Kristopher Jansma

The 30 Best Books of 2016

By Daniel Ford

To date, I’ve read 96 books in 2016, which is up from the 87 I read last year. Since you’ve already called me a nerd in your head, please allow me to further strengthen the case. Those 96 books add up to 37,872 pages, myriad reading devices, and two dried out eyeballs. I also managed to get engaged, help build a website at my day gig, edit and shop a novel, and feed and bath myself.

While I’m troubled by the direction the United States and the world are headed in, I’m just as confident that art and literature will continue to inform, illuminate, and ignite a global citizenship that needs to be more engaged and educated than ever before.

Without further adieu, enjoy the 30 best books of 2016. Feel free to share your favorites in the comments section, on our Facebook page, or tweet us @WritersBone.

30. Everyone Loves You Back by Louie Cronin  

There was a lot to love about Louie Cronin’s debut novel. Cranky radio personalities, quirky Cambridge denizens, awkward love triangles, and jazz on vinyl all made Everyone Loves You Back one of the most fun reads of 2016.

29. Massacre on the Merrimack by Jay Atkinson          

I’ve said it before, and I’ll say it again: Hannah Duston is a badass! Author Jay Atkinson’s passionate retelling of her story offers a glimpse of early American life and the steely resolve women needed (and still need) to brave the New World.  

28. A Hard and Heavy Thing by Matthew J. Hefti         

Matthew Hefti’s main character is writing a letter to a lifelong friend, but he could have easily been writing a letter to the ongoing conflicts the United States has been involved in since 2001. Hefti is a talent to watch, and he delivers a heartfelt and moving debut.   

27. Lay Down Your Weary Tune by W.B. Belcher         

This remains one of the best lines I’ve read this year: “We’re all here for one thing,” Eli says to Jack, “to find a live connection and hold onto it until it bucks us off.” Well done, W.B. Belcher. (Killer cover too!)

26. Swing Time by Zadie Smith

During a “Friday Morning Coffee” episode earlier this year, author Richard Dalglish implored writers not to forget about craftsmanship. There’s no finer example of craftsmanship than Zadie Smith’s new novel Swing Time. Smith asks big, important questions, and I hope that readers debate the answers throughout the new year.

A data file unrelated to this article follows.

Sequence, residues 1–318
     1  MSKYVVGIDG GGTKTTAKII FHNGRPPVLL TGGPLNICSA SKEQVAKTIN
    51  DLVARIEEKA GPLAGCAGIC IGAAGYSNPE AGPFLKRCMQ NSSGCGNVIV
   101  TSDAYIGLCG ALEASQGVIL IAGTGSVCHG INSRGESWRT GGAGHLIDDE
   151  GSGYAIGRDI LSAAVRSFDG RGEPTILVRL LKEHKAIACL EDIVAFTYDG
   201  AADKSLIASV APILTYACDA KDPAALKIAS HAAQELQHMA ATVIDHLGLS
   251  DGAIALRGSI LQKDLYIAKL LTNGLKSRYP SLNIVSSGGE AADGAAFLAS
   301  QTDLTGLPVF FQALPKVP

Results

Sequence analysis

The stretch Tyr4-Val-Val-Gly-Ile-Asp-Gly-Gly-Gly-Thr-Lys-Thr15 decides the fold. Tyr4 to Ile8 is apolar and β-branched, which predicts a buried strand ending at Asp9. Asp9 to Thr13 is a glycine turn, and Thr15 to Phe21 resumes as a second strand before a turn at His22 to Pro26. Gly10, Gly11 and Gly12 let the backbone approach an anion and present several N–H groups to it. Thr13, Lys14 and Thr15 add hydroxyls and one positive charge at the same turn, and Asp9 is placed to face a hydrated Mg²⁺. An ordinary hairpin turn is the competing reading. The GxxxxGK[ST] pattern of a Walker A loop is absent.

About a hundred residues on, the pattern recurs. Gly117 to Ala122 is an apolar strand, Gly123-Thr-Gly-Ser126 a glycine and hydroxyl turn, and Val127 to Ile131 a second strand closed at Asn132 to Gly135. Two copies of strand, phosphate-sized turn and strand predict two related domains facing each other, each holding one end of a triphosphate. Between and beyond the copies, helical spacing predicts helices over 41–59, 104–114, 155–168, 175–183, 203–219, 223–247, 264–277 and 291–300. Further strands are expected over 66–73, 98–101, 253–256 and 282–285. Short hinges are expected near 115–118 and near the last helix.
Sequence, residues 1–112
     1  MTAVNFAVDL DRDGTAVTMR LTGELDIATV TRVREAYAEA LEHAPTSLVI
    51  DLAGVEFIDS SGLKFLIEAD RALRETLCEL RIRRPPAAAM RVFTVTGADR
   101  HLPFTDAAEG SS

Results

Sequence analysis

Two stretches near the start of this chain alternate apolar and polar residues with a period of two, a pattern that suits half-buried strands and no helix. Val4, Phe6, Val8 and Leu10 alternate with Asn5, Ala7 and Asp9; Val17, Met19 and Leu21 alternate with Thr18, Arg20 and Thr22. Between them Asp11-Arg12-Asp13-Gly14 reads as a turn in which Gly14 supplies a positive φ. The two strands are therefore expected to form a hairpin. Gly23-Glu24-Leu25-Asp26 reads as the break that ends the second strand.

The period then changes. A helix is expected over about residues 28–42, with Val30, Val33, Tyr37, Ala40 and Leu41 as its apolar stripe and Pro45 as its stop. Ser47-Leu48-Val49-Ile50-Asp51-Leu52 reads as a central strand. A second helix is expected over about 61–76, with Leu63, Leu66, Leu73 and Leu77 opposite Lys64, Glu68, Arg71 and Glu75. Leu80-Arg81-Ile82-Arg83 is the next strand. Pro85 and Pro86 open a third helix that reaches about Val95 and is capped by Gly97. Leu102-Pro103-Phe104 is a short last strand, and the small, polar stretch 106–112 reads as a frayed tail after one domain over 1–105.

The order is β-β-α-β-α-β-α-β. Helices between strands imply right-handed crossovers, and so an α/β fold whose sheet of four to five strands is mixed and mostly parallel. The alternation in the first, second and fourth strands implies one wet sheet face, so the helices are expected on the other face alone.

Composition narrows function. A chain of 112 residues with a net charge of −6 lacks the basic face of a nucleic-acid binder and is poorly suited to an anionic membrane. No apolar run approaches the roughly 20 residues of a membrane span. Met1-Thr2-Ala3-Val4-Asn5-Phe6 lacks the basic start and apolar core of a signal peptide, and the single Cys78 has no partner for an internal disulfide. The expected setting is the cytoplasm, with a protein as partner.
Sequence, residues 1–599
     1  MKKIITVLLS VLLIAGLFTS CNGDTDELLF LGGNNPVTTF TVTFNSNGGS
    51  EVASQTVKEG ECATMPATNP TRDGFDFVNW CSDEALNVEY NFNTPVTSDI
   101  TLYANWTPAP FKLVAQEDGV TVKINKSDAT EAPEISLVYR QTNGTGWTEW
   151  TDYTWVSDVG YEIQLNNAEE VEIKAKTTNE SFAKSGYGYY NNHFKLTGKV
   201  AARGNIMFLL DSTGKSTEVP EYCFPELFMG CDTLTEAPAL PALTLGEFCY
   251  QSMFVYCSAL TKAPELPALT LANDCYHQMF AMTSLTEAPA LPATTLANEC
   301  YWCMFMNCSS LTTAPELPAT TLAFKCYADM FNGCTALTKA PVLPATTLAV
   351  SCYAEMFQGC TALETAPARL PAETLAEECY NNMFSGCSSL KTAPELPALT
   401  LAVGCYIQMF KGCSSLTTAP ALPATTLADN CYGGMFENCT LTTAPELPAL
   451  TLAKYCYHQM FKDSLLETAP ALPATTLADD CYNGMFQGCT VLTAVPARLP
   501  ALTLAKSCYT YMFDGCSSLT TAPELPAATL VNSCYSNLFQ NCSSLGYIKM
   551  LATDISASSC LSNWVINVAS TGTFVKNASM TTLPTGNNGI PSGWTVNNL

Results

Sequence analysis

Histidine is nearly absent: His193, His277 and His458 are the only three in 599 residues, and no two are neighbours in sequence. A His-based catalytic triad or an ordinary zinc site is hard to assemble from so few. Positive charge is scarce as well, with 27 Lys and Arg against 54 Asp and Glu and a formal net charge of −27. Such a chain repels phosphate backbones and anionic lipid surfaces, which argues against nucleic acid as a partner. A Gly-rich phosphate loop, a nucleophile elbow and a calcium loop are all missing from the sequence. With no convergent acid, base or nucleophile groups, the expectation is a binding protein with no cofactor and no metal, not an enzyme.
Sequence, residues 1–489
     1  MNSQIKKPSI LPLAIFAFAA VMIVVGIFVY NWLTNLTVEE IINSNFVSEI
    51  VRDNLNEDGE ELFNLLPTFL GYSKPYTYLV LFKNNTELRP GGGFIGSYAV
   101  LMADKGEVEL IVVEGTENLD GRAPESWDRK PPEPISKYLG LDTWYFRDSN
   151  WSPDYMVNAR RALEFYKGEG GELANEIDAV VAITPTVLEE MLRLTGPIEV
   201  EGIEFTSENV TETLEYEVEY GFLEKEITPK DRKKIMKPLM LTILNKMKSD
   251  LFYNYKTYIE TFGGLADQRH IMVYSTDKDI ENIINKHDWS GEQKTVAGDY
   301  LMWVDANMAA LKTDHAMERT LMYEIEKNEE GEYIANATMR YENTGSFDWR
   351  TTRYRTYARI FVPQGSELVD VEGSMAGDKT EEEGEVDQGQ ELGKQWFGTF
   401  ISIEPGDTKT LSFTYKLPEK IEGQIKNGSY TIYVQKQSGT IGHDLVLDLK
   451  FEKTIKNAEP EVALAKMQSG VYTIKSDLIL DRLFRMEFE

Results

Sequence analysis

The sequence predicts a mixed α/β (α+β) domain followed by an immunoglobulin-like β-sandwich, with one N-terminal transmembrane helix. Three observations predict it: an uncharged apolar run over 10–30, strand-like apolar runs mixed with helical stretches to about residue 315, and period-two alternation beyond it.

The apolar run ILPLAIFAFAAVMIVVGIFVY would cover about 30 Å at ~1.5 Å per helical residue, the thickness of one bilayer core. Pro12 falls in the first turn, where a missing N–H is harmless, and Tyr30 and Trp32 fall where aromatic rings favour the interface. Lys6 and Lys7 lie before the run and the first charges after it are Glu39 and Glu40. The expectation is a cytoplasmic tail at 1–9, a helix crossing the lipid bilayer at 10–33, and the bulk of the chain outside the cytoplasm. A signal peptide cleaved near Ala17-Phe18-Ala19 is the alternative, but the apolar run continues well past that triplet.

25. We're All Damaged by Matthew Norman

I don’t think Matthew Norman’s main character Andy Carter truly recovers from getting dumping at an Applebee’s (and, really, who would?), but it’s fun watching him try to cobble his life back together. Midwestern sensibilities have never been so hilarious.

24. Dark Horse by Rory Flynn

Eddy Harkness isn’t the hero the real world (or the fictional one he inhabits) deserves, but he certainly is the one we need. In Eddy we trust!

23. The Infinite by Nick Mainieri

Nick Mainieri’s debut features two of my favorite characters from 2016. Jonah McBee and Luz Hidalgo’s fervent and turbulent relationship sets off a chain of events that leads to an unexpected conclusion. The Infinite is one of the best debuts I’ve ever read.

22. The Most Famous Writer Who Ever Lived by Tom Shroder         

The Most Famous Writer Who Ever Lived is essential reading for aspiring authors and journalists. Tom Shroder explores his Pulitzer Prize-winning grandfather’s life while also recounting his own writing career. The passionately researched narrative will fill up your creative tank.

21. Christodora by Tim Murphy

The more I learn about Tim Murphy and his work, the more I like him. His effortless nonlinear storytelling in Christodora perfectly complements his damaged, but tenacious, characters and his exploration of the AIDs epidemic. It’s a gut-wrenching read, but a necessary one.  

20. The Loved Ones by Sonya Chung

Sonya Chung puts her characters through hell throughout her sophomore novel. Their responses to tragedy and inner demons don’t make them the best human beings at times, but you’ll easily fall in love with them despite their myriad flaws. The Loved Ones also features one of the most haunting and beautifully sad farewells you’ll ever read.

19. Disappearance at Devil's Rock by Paul Tremblay

Disappearance at Devil's Rock scared the bejesus out of me. Top-notch suspense. Paul Tremblay also experiments with his prose by featuring text conversations, fragments of diaries, and police interview transcripts.

18. The Fireman by Joe Hill

Joe Hill’s brand of apocalyptic fiction ranks alongside Emily St. John Mandel’s Station Eleven and José Saramago’s Death With Interruptions. Much like those works, The Fireman features a harrowing (and down right sexy) epidemic, a sense of humor, and characters you wouldn’t mind spending damnation with. Hill is one of fiction’s best world builders, and his enthusiasm for the craft of writing is infectious. (His live readings also tend to feature kazoos!)

17. The Nix by Nathan Hill

Considering that Nathan Hill’s debut novel tops many year-end book lists, The Nix is arguably ranked too low here. That’s a testament to the quality of fiction we read in 2016. The Nix is a compulsive read that, at times, gets weighted down by some of its pop culture and societal critiques. However, since 2016 proved to be a bitch of a year culturally and politically, I’d much rather have too much of Hill’s wit rather than not enough.

16. Louisa by Louisa Thomas